float conf;
        Box(int x1, int y1, int x2,  int y2, float conf) {
            this->x1 = x1;
            this->y1 = y1;
            this->x2 = x2;
            this->y2 = y2;
            this->conf = conf;
// ...

Let’s create a function getBoxeswhich will return boxes filtered by certainty conf and with the help of the future Non-Maximum Suppression (NMS):

// detect.h
// ...
vector<Box> getBoxes(
    at::Tensor &outputs,
    float confThres = 0.25,
    float iouThres = 0.15
) {
    vector<Box> candidates;
    for (unsigned short ibatch = 0; ibatch < outputs.sizes()[0]; ibatch++) {
        for (unsigned short ibox = 0; ibox < outputs.sizes()[2]; ibox++) {
            float conf = outputs[ibatch][4][ibox].item<float>();
            if (conf >= confThres) {
                unsigned short
                    cx = outputs[ibatch][0][ibox].item<int>(),
                    cy = outputs[ibatch][1][ibox].item<int>(),
                    w = outputs[ibatch][2][ibox].item<int>(),
                    h = outputs[ibatch][3][ibox].item<int>();
                unsigned short
                    x1 = cx - w / 2,
                    y1 = cy - h / 2,
                    x2 = cx + w / 2,
                    y2 = cy + h / 2;
    sort(candidates.begin(), candidates.end(), [](Box b1, Box b2){return b1.conf > b2.conf;});
    vector<Box> boxes = nms(candidates, iouThres);
    return boxes;
// ...

Let’s create a function nms which will filter candidate boxes and related iouwhich will calculate the IoU metric for them (Intersection Over Union):

// detect.h
// ...
float iou(Box &fb, Box &sb) {
    float inter = max(min(fb.x2, sb.x2) - min(fb.x1, sb.x1), 0) * max(min(fb.y2, sb.y2) - min(fb.y1, sb.y1), 0);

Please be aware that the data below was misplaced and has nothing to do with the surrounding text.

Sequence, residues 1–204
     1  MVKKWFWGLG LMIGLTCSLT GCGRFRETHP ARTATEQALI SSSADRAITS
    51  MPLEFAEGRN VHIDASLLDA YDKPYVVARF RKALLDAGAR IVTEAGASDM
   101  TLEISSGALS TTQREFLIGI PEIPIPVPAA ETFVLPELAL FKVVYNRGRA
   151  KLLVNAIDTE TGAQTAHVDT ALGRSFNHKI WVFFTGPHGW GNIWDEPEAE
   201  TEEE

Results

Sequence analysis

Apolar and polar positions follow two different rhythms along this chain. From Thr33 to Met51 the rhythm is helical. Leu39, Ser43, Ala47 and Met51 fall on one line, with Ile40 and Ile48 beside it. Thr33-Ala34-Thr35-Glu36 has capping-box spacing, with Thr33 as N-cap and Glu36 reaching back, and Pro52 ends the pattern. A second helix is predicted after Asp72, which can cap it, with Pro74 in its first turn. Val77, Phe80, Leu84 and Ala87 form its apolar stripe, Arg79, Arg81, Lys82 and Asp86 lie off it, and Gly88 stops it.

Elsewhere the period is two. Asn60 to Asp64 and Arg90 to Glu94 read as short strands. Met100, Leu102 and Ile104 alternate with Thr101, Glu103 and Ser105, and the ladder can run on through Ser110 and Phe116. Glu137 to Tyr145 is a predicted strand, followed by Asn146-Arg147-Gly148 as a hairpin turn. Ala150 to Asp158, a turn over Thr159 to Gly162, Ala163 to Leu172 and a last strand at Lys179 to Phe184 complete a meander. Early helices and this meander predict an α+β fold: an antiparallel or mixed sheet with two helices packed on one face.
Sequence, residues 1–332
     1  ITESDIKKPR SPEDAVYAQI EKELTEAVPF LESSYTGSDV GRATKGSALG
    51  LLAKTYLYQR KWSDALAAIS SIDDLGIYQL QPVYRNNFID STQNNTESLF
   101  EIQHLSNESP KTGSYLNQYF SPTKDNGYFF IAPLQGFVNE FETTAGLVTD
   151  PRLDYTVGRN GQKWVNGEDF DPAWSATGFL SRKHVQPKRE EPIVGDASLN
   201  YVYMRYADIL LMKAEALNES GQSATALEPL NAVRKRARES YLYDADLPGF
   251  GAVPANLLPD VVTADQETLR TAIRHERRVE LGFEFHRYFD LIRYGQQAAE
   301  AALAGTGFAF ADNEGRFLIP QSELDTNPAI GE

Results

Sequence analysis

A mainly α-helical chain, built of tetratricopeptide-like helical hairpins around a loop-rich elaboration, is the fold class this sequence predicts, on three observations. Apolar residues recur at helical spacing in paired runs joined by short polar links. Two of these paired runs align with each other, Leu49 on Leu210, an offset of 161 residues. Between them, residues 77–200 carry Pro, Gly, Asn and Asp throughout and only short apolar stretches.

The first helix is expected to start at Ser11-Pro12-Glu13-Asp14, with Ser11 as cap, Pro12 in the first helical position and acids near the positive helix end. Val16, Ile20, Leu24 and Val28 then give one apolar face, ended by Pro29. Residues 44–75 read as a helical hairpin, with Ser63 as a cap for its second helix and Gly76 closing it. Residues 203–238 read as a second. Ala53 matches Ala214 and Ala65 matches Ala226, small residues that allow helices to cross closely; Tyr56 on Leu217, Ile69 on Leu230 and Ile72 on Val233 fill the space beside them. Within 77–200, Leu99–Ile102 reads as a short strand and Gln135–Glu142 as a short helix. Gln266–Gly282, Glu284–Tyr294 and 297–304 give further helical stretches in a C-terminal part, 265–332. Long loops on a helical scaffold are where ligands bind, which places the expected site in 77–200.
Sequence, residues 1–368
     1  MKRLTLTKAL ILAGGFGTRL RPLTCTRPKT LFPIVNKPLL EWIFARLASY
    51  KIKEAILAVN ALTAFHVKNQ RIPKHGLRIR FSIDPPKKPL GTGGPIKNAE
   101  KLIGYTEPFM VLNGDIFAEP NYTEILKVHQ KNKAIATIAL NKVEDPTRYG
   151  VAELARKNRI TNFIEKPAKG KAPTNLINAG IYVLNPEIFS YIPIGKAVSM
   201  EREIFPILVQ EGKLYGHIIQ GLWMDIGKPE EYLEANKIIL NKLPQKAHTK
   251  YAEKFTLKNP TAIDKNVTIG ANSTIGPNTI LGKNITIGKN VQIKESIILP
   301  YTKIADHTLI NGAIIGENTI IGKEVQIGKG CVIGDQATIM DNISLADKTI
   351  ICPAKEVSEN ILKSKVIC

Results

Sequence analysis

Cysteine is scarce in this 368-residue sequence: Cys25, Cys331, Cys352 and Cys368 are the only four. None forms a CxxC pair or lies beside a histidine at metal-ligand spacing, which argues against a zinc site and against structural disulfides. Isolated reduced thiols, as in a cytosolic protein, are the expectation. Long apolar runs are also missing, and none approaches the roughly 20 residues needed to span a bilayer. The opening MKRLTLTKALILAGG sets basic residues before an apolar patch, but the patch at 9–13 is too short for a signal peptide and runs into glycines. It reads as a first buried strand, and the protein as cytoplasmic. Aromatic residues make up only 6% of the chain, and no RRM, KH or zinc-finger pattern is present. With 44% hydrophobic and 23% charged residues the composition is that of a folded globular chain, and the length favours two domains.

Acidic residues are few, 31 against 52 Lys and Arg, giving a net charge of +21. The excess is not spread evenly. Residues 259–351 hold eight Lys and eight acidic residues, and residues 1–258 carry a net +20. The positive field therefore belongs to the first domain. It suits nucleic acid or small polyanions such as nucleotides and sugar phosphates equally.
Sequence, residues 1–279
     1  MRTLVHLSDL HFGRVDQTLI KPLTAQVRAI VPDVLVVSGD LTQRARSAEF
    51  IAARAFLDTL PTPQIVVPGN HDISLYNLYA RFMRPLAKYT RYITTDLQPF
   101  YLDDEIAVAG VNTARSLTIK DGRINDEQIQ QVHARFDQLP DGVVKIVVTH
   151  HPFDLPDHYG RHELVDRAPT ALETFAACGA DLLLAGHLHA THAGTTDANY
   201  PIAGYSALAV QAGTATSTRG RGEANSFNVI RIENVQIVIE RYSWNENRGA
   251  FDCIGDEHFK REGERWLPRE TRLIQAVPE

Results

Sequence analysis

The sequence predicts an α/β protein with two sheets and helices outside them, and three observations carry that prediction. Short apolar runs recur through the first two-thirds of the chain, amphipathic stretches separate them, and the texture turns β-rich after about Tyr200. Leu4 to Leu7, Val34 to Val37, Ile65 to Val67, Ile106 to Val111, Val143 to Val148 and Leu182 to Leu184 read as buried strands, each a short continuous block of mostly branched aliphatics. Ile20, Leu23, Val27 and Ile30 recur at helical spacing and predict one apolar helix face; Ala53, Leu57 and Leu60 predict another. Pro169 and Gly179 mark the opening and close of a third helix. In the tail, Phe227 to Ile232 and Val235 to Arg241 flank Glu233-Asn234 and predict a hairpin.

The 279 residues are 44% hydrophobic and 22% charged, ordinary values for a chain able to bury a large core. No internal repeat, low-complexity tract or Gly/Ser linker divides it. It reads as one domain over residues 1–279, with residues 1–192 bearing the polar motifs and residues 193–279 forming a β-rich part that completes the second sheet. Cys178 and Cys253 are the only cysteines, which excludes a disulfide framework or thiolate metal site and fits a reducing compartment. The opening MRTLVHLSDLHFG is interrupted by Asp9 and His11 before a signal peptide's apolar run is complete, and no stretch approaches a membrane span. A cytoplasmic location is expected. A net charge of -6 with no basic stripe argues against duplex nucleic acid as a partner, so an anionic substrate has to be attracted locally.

float union_ = (fb.x2-fb.x1)*(fb.y2-fb.y1) + (sb.x2-sb.x1)*(sb.y2-sb.y1) - inter;
    return inter / union_;

vector<Box> nms(vector<Box> &boxes, float iouThres) {
    vector<Box> supBoxes;
    for (Box box: boxes) {
        bool valid = true;
        for (Box supBox: supBoxes) {
            if (iou(box, supBox) > iouThres) {
                valid = false;
        if (valid == true) {
    return supBoxes;
// getBoxes

Finally, we get the detection boxes:

// main.cpp
  // ...
  vector<Box> boxes = getBoxes(outputs);
  // ...

And also write a procedure for selecting boxes on the original image:

// detect.h
// ...
void highlightBoxes(cv::Mat &img, vector<Box> &boxes) {
  cv::Scalar rectColor(0,192,0);
  unsigned short fontScale = 2, confPrecis = 2;

  for (Box box: boxes) {
    string text = to_string(box.conf);
    cv::rectangle(img, {box.x1,box.y1}, {box.x2,box.y2}, rectColor, 2);
      {box.x1, box.y1 - fontScale * 12},
      {box.x1 + (unsigned short)text.length() * fontScale * 9, box.y1},
    cv::putText(img, text, {box.x1,box.y1}, cv::FONT_HERSHEY_PLAIN, fontScale, {255,255,255}, 2);
// ...

And display the result on the screen:

// main.cpp
  // ...
  highlightBoxes(img, boxes);
  cv::imshow("Result", img);
  // return
Result Example

Result Example


You can take a look at a more detailed and structured code in one of the branches of the repository of a student project on face recognition raspli. I hope you can get something useful from this tutorial.